Toby Alderweireld (vs Manchester City 14/02/16)
A fair amount of Alderweireld’s first half was spent in positions ready to receive the ball, as opposed to having to do much defending. During this time he executed several decent passes – through the opposition midfield or cross-field to Danny Rose, one of which forced Sergio Aguero back to head it away – though he wasn’t particularly under much pressure when on the ball.
Throughout the match he was generally comfortable when on the ball. Perhaps his touch and pass weight would prevent him from becoming a key fixture in build-up play from the back, but he certainly seemed better than most.
Spurs’ defensive system, with the midfield as a generally solid primary means of containing the opponents with the centre-backs dropping deeper, makes life easier. What also makes life easier is a lack of central striker or attacking movement around the centre-backs, as happened quite a lot in this match, so although there were long spells in the second half when City were on top Alderweireld actually had quite little to do.
Nonetheless, his positioning was generally good. I’m aware that I’m more prone to like centre-backs who drop off a yard rather than step up and try and play an (often risky) offside, but Aldi’s positional instincts meant that there were several times where he moved into position ready to mop up an attempted ball into Aguero before the pass was even made (if, indeed, it ever was).
He also, in rare occasions when he was tested, proved his strength, here continually monitoring his position so as to prevent a more dangerous pass into Aguero.
The below example is more about his body shape than position on the pitch, continuing to show Aguero onto his weaker left foot until further reinforcements arrive (he doesn’t intentionally allow the City striker back onto his right, but by the time he does it doesn’t matter).
With not that much movement in behind him or over his shoulder, there wasn’t much opportunity for Alderweireld to exhibit much awareness (or lack of it).
There was one moment where he stepped up as the ball was cleared and looked possibly, though this may be being a little harsh, to lose where Aguero was a bit.
In the last minute of the match, he also shares partial responsibility for Otamendi being unmarked at the back post, leading to Lloris’ heroics. Although it’s Kyle Walker’s position and presumably a midfielder’s job to have been marking the City centre-back, as the most senior member of the back-line it’s also up to Alderweireld to take a look over his shoulder and make Walker more aware of the danger.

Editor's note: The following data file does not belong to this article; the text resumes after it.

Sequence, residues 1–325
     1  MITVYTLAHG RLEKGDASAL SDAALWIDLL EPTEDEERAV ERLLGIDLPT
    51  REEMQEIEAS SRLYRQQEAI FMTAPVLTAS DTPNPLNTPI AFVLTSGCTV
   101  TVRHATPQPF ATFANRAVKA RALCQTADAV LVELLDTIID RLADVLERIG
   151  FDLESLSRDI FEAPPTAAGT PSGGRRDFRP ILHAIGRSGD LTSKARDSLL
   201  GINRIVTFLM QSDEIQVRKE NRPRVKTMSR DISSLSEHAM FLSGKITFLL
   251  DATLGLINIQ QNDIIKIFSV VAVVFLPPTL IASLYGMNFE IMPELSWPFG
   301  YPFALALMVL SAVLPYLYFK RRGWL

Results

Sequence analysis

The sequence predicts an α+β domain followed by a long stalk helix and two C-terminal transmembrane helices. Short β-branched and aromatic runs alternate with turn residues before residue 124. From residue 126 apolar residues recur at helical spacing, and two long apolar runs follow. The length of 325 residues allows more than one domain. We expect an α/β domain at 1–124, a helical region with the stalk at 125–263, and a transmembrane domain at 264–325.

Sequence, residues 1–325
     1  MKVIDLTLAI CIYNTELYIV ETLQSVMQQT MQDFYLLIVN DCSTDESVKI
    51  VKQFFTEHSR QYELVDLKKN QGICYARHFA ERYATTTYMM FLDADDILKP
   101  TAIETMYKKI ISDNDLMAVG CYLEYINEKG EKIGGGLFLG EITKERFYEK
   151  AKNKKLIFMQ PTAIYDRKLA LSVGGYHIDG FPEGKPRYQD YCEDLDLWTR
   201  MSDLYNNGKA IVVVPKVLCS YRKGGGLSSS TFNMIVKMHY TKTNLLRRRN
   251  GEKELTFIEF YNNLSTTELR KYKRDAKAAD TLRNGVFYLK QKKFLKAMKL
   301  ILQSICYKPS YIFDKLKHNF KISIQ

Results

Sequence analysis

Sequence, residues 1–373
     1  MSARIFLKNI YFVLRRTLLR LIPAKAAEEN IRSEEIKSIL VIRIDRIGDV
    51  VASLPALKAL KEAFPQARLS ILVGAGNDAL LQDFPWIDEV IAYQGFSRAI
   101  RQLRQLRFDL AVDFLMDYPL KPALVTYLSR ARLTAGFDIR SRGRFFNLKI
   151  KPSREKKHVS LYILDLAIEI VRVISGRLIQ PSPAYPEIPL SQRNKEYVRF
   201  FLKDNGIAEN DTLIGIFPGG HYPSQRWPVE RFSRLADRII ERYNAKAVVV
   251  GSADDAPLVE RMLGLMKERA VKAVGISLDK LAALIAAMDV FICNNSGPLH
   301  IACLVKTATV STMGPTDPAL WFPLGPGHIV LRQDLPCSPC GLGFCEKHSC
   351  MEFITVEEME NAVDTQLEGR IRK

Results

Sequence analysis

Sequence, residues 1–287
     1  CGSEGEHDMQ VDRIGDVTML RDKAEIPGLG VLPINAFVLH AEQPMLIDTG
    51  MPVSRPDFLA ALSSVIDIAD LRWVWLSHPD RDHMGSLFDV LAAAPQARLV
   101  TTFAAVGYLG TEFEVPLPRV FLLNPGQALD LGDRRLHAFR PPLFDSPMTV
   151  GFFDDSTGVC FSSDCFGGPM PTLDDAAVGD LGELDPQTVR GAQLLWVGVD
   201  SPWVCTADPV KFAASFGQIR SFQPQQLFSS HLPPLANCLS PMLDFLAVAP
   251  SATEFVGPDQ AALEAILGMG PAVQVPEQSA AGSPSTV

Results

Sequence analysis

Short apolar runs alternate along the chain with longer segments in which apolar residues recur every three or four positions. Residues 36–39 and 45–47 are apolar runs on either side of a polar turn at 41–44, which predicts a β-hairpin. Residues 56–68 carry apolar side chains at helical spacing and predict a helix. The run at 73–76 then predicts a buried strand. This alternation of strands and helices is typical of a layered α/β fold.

Decision-making (/big errors)
There’s basically nothing to mention here. There weren’t really any big decisions he had to make that can’t be covered elsewhere or big errors that he made in this match.
Speed and strength (/how to overcome them)
Alderweireld wasn’t particularly up against much speed or strength in this match, so it’s kind of difficult to judge. He was quick a few times, including one moment getting into position to cut out a potential cross to Aguero that also showed a good positional awareness, urgency, and sense of potential danger.
I had a vaguely formed idea of Alderweireld before watching him in this match which was not a wholly positive one (relative to the quality that a team of Tottenham’s level would require). After watching him in this match I’m warming to him – I think his positioning is decent if not quite great and he can be useful in possession. I’m still slightly concerned about his awareness, about how he’d fare against top teams which actually used attacking movement around the defenders. It’s also worth bearing in mind that this wasn’t a hugely difficult match for him to play in, I think, despite it being against Man City. But yeah, it seems like Aldi isn’t a budget version after all.